Windy City Imposes Its Own Sports Betting Tax

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Chicago skyline in the background. Quinn Harris/Getty Images/AFP

Plenty is happening in Chicago as several proposals are being drawn up to put a casino in the city itself while mobile sports betting is also on the docket. For some, it’s good news but for others, it’s money that they say will come out of their pocket.  

Case in point, casino tycoon, Neil Bluhm, contends his Rivers Casino located in the Chicago suburb of Des Plaines, a 45-minute drive from the city, will be negatively impacted should mobile betting be allowed in the city, as it would draw business away from the sportsbook located in his casino as well as the one he is proposing for Chicago proper, replete with a sportsbook.  

However, his argument against mobile betting within the city is much more legitimate for the casino he is trying to build than it is for the one he has already built which is 20 miles away. Why wander inside his casino, or whoever wins the bid, when you can make a bet from inside one of the stadiums located in the city? 

To try to ameliorate the situation, Mayor Lori Lightfoot has proposed an additional two percent tax on gross sports betting revenues that would go directly to the city of Chicago. This would be in addition to the 15 percent that the state rakes as well as another two percent from Cook County which equals a total of 19 percent on the platform operators. Bluhm’s Des Plaines casino is exempt from the tax. 

“That 2% is nothing. It’s small potatoes. The 2% will be somewhere in the area of $1 million. But we believe and have studies that say that the loss of casino revenue will be in the area of $11 [million] or $12 million a year,” Bluhm told the Sun-Times.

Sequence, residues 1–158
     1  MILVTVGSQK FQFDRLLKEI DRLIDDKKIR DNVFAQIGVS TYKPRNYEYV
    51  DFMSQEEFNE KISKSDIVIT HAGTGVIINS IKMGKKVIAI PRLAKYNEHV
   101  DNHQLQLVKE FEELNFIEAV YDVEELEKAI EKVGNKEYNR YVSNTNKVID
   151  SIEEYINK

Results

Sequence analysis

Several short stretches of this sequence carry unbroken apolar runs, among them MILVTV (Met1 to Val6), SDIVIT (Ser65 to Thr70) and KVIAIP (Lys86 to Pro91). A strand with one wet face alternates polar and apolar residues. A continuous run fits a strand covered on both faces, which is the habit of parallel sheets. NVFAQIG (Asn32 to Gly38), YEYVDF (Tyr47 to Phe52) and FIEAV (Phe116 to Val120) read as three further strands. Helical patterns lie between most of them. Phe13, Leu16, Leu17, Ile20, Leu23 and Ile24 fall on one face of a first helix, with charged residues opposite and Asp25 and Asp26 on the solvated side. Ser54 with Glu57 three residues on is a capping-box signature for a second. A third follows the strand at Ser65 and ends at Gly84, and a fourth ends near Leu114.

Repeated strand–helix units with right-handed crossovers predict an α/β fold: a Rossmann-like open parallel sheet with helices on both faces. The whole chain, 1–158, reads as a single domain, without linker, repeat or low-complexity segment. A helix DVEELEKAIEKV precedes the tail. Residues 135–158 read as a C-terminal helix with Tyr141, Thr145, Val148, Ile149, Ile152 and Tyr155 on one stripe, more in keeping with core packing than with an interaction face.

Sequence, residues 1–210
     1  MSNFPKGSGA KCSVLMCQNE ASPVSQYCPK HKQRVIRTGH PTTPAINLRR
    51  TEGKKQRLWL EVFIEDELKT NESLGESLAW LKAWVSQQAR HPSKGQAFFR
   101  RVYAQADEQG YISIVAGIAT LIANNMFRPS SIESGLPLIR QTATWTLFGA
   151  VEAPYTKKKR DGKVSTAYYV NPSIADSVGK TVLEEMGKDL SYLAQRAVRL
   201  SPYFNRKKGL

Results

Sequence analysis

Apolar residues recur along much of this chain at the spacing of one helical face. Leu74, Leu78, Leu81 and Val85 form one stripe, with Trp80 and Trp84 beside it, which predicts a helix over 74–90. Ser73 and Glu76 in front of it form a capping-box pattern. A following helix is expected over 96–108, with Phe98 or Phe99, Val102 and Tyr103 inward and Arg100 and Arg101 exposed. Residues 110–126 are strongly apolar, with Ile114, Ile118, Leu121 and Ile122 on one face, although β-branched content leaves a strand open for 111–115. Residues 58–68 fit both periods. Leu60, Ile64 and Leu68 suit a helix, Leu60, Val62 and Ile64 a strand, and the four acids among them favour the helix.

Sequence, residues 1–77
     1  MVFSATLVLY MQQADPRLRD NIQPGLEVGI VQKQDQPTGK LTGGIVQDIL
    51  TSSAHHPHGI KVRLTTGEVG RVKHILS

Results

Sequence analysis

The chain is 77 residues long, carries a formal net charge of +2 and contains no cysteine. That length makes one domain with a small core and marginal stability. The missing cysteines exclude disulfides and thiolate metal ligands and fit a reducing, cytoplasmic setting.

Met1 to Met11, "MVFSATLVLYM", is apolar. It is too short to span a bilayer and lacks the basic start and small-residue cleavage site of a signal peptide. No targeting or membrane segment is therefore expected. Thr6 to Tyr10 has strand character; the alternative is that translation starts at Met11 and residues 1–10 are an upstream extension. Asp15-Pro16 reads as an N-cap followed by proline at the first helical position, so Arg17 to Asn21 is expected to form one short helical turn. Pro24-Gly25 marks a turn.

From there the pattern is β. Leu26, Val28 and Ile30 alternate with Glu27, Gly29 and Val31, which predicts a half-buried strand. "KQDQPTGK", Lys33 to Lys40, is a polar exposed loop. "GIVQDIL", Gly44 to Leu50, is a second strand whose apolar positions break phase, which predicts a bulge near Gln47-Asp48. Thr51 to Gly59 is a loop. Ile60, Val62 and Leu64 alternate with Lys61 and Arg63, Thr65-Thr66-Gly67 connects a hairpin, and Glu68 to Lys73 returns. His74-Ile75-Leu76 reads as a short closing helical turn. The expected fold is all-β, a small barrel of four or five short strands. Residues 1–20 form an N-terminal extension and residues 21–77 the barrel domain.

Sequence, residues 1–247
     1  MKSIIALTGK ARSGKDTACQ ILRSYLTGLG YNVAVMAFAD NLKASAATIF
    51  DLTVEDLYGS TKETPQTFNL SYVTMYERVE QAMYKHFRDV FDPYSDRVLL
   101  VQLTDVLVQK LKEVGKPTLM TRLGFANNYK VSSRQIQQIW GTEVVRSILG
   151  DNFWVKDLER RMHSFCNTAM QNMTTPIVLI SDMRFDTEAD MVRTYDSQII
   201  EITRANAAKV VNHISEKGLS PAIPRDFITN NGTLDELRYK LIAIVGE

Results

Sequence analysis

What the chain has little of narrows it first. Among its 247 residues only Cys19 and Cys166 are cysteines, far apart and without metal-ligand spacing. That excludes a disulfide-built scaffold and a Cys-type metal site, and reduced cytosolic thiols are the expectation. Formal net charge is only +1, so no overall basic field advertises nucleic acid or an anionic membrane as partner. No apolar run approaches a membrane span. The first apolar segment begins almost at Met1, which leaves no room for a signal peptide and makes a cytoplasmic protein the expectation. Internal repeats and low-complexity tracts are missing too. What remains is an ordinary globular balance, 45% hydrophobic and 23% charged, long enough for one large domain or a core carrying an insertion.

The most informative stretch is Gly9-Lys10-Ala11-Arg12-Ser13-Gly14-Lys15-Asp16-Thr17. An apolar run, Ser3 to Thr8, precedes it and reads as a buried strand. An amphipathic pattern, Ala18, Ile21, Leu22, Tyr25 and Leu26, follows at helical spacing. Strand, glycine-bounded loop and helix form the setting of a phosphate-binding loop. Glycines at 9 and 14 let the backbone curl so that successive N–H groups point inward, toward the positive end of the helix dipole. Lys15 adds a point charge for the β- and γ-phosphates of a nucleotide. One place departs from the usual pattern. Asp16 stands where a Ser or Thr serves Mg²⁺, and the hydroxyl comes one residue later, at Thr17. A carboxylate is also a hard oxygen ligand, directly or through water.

Bluhm also added, “While people are betting on sports at Wrigley Field or United Center — fantastic locations [that] will open two-and-a-half years before a casino, so people will be used to going there — they won’t be at the casino … betting on casino games. For every dollar of sports betting you’re losing, you lose about $3 or $4 of casino revenue. … While they’re there, they walk around and play slot machines. They play roulette. They play blackjack. That’s the big money for both the city and state.” 

However, on the flip side of the argument is, Mara Georges, legal counsel for the United Center and Wrigley Field Holdings who believes the additional two percent city tax is an onerous one levied on the operators making books within the stadiums.  

“Imposing an additional tax on sportsbooks creates an unlevel playing field between the city and the sportsbook in the suburbs, which is the Des Plaines sportsbook,” Georges said. 

“The higher you make the tax, the more likely you are to push people online to do their sports betting. [Already], more than 86% of people do their sports betting online. This tax will [also] push people to the suburbs to do their sports betting as opposed to the city. And, at some point, it’s a point of diminishing returns where, the higher the tax, the less revenue raised. … When you look at sportsbooks across the country, those with the highest taxes generate the least amount of revenue.” 

Alderman Walter Burnett (27th), the architect of the sports betting ordinance said the additional tax could be the key to passing the legislation for those who are on the fence about the measure.  

“A lot of aldermen were actually concerned about, what was the city’s benefit out of all of this besides the infrastructure money that was going to the state and gonna be spent back in the city. This will help to satisfy a lot of aldermen in reference to that,” Burnett said.